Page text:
Johnson Diversity Series – Fighting the War on Infectious Disease with Dr. Meru Sheel
With a deep interest in understanding infectious diseases and how to fight them, Dr. Meru Sheel completed undergraduate studies in Biotechnology in India. This burning focus saw her later migrate to Australia on a full scholarship to undertake her PhD in Life Sciences at Queensland University of Technology.
Growing up in India, Meru developed a passion for curing infectious diseases early on in her life when one of her family friends was diagnosed with polio; likely due to missing a vaccination, which led to paralysis in both her legs. Inspired by her friend’s struggle to overcome the disease, Meru’s interest in learning more about vaccines was piqued.
Fast forward 15 years, and she is now an infectious disease epidemiologist working at the Australian National University. Her incredible contribution to society was recognised by her win in the Science & Medicine category of the 40 under 40: Most Influential Asian-Australian Awards.
Meru’s passion and drive towards the betterment of public health has seen her combatting infectious disease outbreaks in different parts of the world. For example:
- In her current role, she also works with the Global Outbreak Alert and Response Network and the World Health Organization to combat the scourge of COVID-19.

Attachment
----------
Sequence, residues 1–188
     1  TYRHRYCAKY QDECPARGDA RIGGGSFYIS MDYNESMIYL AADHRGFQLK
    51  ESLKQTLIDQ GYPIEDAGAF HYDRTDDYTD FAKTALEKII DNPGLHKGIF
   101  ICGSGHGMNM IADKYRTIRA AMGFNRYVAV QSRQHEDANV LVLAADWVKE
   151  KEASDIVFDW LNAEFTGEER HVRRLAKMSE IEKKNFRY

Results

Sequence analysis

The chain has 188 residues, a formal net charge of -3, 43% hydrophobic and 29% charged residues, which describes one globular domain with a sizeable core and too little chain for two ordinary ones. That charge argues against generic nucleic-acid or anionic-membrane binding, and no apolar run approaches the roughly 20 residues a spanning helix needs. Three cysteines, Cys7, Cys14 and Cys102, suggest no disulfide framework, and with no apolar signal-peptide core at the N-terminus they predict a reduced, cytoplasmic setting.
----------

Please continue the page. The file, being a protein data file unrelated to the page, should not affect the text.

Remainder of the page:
- In 2018, she made one of her most significant contributions to her field by leading a team of public health professionals in response to the Diphtheria outbreak among the Rohingya refugees in Cox’s Bazar, Bangladesh, which is the world’s largest and densest refugee camps with over 700,000 people.
- In January 2020, she was deployed to Tonga to support the Tonga Ministry of Health respond to the measles outbreak in the country. Due to emerging needs, her role pivoted towards urgently supporting the country to prepare for the COVID-19 outbreak, which had started to spread rapidly in China hours after she arrived in Tonga.
In 2019, Meru was awarded the prestigious Westpac Research Fellowship worth $500,000 for her exceptional work in improving global health security. She aims to use this Fellowship to uncover the best strategies to tackle a range of infectious diseases. She will be conducting operational research in health emergencies to strengthen global health security and build resilient public health systems.
Meru has achieved great things since arriving in Australia, contributing towards improving the lives of thousands of people across the globe. The journey hasn’t always been straightforward and has encountered discrimination and challenges as an Indian-Australian woman.
Winning her category in the 40 Under 40 Awards was probably the first time in her life she stopped to reflect on, and appreciate, her achievements. Meru is extremely proud to be acknowledged for her contribution and to be seen as an inspiration to others. “Imagine a world where there are no impediments to people like me who want to have a positive impact”.
See the other category winners and learn more about the 40 Under 40 Most Influential Asia-Australian Awards.